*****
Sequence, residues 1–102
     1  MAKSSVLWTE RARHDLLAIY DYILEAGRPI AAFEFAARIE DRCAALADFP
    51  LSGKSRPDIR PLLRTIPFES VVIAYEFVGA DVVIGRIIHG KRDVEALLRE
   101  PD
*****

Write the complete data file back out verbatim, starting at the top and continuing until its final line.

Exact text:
Sequence, residues 1–102
     1  MAKSSVLWTE RARHDLLAIY DYILEAGRPI AAFEFAARIE DRCAALADFP
    51  LSGKSRPDIR PLLRTIPFES VVIAYEFVGA DVVIGRIIHG KRDVEALLRE
   101  PD